Twitter is used by millions to stay up to date with the latest events, but at the same time, there are some who use it for abuse. The company is having a tough time cutting back on abuse and attracting more users; therefore, the micro-blogging company has decided to take help from outside groups and experts to shape its products and policies.Twitter DM

Twitter forms a safety council

In a blog post on Tuesday, the micro-blogging firm stated that there will be more than 40 groups comprising the Twitter Trust & Safety Council. Those groups will include advocacy organizations, researchers and safety experts who will review policies and the products the company will roll out going forward. For a long time, Twitter has been trying to combat abuse on its platform, and this is why it has introduced the council. Anti-Bullying Pro, Cyber Civil Rights Initiative, Family Online Safety Institute, and the National Domestic Violence Hotline are among the participating groups.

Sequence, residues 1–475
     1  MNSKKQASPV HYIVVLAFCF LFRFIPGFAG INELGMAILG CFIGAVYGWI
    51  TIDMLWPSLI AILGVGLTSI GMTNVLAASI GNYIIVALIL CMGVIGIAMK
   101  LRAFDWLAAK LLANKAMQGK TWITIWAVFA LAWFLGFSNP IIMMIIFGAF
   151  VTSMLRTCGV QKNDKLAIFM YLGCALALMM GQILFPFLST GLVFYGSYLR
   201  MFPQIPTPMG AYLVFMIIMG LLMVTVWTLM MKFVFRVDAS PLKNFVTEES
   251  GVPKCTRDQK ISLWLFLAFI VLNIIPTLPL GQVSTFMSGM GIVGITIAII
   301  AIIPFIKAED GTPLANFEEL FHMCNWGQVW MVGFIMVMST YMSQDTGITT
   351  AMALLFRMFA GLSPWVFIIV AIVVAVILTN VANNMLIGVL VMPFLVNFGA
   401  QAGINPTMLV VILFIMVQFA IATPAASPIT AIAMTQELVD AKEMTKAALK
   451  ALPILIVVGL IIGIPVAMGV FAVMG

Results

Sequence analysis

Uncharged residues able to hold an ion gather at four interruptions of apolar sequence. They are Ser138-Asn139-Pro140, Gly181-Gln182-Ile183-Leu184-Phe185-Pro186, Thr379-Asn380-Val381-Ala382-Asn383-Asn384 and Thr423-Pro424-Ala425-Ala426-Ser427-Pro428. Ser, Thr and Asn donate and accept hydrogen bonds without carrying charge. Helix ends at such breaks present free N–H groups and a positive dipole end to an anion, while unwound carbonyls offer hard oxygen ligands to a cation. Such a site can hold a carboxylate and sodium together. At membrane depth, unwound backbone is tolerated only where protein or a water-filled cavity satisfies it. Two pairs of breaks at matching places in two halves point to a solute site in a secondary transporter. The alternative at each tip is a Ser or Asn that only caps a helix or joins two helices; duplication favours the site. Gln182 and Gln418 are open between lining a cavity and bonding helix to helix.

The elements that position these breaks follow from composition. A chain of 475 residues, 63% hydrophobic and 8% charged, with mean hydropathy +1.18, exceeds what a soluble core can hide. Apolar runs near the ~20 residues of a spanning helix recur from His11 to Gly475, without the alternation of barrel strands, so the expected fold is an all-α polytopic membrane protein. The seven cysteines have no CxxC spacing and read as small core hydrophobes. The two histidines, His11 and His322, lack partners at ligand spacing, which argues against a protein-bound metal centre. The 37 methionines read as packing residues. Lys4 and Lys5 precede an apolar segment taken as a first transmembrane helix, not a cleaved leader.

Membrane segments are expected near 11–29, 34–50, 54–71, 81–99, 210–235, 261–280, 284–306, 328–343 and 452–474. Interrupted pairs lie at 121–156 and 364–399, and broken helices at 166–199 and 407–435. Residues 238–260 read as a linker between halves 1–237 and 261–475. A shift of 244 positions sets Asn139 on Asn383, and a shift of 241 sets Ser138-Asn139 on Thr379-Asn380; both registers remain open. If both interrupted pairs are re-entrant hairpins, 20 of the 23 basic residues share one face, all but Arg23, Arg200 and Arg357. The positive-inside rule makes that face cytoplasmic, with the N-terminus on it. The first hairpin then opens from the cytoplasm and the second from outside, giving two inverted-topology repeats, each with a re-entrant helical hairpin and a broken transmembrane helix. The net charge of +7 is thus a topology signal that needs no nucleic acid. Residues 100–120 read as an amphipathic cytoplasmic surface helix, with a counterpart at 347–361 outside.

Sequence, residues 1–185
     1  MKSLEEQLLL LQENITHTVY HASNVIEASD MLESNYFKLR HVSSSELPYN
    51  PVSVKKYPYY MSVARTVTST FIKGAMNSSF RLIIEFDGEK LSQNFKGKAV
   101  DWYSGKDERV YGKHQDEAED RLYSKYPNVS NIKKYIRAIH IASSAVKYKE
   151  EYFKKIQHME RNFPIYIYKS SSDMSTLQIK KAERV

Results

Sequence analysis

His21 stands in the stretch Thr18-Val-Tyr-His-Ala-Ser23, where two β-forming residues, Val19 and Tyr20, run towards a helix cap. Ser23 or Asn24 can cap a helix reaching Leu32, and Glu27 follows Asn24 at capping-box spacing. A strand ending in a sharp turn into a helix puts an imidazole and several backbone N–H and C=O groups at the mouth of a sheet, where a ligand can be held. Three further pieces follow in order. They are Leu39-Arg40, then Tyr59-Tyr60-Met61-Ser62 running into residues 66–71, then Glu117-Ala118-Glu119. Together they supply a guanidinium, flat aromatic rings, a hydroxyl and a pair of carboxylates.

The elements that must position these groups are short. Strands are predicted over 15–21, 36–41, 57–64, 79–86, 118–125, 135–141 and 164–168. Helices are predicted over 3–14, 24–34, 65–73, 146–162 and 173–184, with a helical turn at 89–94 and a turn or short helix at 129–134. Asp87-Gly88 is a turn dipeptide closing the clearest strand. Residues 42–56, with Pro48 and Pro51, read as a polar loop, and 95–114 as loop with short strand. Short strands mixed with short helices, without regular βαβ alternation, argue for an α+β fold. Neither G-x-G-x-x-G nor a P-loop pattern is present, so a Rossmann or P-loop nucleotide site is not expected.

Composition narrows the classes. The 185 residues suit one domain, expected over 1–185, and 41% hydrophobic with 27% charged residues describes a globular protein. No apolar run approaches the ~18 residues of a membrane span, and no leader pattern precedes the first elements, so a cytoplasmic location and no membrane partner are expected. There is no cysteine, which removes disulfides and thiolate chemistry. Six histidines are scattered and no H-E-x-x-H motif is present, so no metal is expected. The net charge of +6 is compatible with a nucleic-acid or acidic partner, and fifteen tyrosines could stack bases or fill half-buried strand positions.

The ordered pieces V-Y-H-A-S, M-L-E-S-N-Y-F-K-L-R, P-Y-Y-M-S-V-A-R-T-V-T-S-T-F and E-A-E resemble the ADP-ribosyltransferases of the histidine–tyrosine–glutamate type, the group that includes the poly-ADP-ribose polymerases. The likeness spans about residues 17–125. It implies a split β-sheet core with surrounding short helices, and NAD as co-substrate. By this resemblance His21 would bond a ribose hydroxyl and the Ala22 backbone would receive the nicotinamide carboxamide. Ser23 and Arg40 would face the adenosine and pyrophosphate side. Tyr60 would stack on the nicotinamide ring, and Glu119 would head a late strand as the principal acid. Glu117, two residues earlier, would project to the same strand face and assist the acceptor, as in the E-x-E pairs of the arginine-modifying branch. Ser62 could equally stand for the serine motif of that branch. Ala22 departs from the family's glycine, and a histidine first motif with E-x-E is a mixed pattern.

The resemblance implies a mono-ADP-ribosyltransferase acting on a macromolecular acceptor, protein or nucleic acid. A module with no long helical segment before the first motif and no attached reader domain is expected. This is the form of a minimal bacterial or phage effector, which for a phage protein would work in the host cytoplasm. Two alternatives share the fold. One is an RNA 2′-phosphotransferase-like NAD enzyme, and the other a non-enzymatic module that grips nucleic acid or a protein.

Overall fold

Twitter’s head of global policy outreach, Patricia Cartes, said, “With hundreds of millions of Tweets sent per day, the volume of content on Twitter is massive, which makes it extraordinarily complex to strike the right balance between fighting abuse and speaking truth to power.”

Abuse and trolls a major problem

Abuse is a prominent complaint against the service, and the company has done too little to curb that, say critics. Former CEO Dick Costolo acknowledged that the company was not good at dealing with abuse and trolls on the platform.

On Tuesday, current CEO Jack Dorsey tweeted, “Twitter stands for freedom of expression, speaking truth to power, and empowering dialogue.”

In late 2014, the company introduced a series of new tools which make it easier to report harassment and block abusive users. A few months ago, the company made some minor tweaks to its privacy policy, detailing actions that qualify as abusive behavior.

Twitter has been going through a rough phase as investors are unhappy with its expected growth figures, and the departures of four key executives simultaneously have left them concerned about its ability to retain top talent. Though the latest move will not add to revenues directly, it could help Twitter speed up the growth rate of its monthly active user base, which has slowed in recent quarters.